Jay Glazer of FOX first tweeted that Favre will be fined but not suspended. That, of course, means that the 41-year-old Favre can play Sunday in what is likely to be the final game of his 20-year career. If the concussion he suffered a couple of weeks ago allows him to.
Pro Football Talk is reporting that the league will fine Favre $50,000, but not make a determination that he violated the league's personal-conduct policy. That seems like an odd decision, but it appears to be what will go down.
Reports indicate that the league will make its official announcement of the fine within 48 hours. Per PFT, the fine is reportedly for Favre's failure to cooperate with the NFL's investigation, not for anything he may have done to Sterger.
Here is more from PFT, which thinks that the punishment is far short of the crime here.
"Commissioner Goodell . . . determined that Favre was not candid in several respects during the investigation, resulting in a longer review and additional negative public attention for Favre, Sterger, and the NFL," the league’s official release states. "The commissioner notified Favre that he has been fined $50,000 for his failure to cooperate with the investigation in a forthcoming manner. Commissioner Goodell stated to Favre that if he had found a violation of the league’s workplace conduct policies, he would have imposed a substantially higher level of discipline."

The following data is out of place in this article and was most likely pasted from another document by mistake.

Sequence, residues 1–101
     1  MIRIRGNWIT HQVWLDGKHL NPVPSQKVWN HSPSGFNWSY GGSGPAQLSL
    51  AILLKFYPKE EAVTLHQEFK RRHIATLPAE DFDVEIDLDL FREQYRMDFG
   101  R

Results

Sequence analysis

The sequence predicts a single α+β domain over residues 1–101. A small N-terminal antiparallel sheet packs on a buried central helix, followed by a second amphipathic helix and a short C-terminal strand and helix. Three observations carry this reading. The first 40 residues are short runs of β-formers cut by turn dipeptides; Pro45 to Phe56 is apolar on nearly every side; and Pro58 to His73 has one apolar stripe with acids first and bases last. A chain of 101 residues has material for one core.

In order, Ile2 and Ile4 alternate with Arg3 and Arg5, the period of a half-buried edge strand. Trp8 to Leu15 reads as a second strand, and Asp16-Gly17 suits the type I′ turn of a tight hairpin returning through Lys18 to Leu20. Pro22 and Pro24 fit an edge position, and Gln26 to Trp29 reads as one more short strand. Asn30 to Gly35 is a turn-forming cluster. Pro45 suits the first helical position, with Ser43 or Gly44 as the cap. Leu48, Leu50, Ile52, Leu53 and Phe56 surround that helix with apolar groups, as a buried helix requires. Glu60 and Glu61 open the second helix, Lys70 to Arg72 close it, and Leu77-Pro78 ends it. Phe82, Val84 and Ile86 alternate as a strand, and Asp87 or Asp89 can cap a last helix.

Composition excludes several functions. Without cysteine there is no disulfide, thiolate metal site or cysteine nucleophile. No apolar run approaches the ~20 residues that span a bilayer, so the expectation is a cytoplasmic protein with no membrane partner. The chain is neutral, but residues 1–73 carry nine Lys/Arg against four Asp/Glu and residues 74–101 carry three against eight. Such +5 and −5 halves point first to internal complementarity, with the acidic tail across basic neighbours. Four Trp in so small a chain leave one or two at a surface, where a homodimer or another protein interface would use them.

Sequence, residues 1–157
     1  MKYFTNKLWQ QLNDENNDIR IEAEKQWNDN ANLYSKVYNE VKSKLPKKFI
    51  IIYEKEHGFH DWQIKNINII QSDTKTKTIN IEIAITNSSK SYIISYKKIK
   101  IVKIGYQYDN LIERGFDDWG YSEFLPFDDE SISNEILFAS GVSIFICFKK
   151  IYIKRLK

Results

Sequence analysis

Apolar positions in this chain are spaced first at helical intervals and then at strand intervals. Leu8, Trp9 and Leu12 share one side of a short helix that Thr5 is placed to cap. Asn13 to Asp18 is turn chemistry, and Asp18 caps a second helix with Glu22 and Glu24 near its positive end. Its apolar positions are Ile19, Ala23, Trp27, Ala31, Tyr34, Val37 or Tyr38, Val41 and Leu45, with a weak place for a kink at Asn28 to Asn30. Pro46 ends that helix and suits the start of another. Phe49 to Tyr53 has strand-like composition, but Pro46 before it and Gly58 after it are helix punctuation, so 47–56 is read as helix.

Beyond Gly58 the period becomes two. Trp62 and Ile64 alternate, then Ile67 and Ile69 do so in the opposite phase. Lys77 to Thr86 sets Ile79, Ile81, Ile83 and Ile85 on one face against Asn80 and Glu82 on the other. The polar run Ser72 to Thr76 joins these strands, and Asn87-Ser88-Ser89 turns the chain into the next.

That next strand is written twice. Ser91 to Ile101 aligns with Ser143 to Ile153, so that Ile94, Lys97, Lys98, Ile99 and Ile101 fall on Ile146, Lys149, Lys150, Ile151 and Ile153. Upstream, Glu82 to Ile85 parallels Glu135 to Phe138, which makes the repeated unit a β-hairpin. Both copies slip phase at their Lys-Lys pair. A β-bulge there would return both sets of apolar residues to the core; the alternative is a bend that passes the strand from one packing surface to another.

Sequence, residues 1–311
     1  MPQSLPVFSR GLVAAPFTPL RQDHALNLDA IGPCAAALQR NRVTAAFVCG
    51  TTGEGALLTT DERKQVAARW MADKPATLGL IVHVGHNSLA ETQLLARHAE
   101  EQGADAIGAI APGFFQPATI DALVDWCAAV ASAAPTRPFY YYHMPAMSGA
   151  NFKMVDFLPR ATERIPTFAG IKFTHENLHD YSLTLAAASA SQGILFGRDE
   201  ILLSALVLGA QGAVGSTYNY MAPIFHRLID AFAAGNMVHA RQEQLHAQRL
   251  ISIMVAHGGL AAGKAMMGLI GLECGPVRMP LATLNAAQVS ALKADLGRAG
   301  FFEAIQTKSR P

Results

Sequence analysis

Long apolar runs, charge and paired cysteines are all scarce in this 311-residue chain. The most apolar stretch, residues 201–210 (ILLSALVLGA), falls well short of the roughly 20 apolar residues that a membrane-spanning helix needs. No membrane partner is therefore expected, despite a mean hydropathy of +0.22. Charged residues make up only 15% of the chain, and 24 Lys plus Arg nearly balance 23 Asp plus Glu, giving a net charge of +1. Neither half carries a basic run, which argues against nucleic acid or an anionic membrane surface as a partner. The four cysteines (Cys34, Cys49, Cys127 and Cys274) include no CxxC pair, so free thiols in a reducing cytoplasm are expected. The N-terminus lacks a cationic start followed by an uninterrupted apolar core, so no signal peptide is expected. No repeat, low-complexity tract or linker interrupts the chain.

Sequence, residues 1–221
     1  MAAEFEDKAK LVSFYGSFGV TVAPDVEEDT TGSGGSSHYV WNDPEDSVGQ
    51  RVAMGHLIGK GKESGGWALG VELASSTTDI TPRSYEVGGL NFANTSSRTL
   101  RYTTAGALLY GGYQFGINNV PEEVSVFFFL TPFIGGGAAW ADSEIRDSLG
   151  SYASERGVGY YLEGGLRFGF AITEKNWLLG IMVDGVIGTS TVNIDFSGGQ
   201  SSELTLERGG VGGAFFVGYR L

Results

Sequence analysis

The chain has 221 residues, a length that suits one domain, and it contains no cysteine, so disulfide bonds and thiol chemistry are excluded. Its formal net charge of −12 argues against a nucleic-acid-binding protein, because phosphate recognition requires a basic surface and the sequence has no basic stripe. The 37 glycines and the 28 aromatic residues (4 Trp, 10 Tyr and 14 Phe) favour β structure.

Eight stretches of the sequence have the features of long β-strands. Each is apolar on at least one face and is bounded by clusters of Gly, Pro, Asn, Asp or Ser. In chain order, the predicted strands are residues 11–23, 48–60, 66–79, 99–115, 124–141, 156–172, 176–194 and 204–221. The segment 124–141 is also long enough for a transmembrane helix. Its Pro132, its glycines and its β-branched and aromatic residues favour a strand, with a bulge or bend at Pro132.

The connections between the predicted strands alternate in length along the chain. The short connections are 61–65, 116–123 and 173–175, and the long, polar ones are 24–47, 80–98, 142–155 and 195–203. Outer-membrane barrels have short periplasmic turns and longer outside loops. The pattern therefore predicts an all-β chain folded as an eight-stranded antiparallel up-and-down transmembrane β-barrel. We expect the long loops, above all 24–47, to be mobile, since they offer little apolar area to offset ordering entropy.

PFT, in general, seems to believe that the NFL sees that Favre did a lot of things wrong here, but that they really don't want to punish Favre in any sort of substantial way.
To me, this sounds like PFT is right. More than anything, the league just wants this go away. And they want to do it without sullying the career of one of the greatest quarterbacks the league has ever seen. That is called preferential treatment and, right or wrong, that's how this is apparently going down.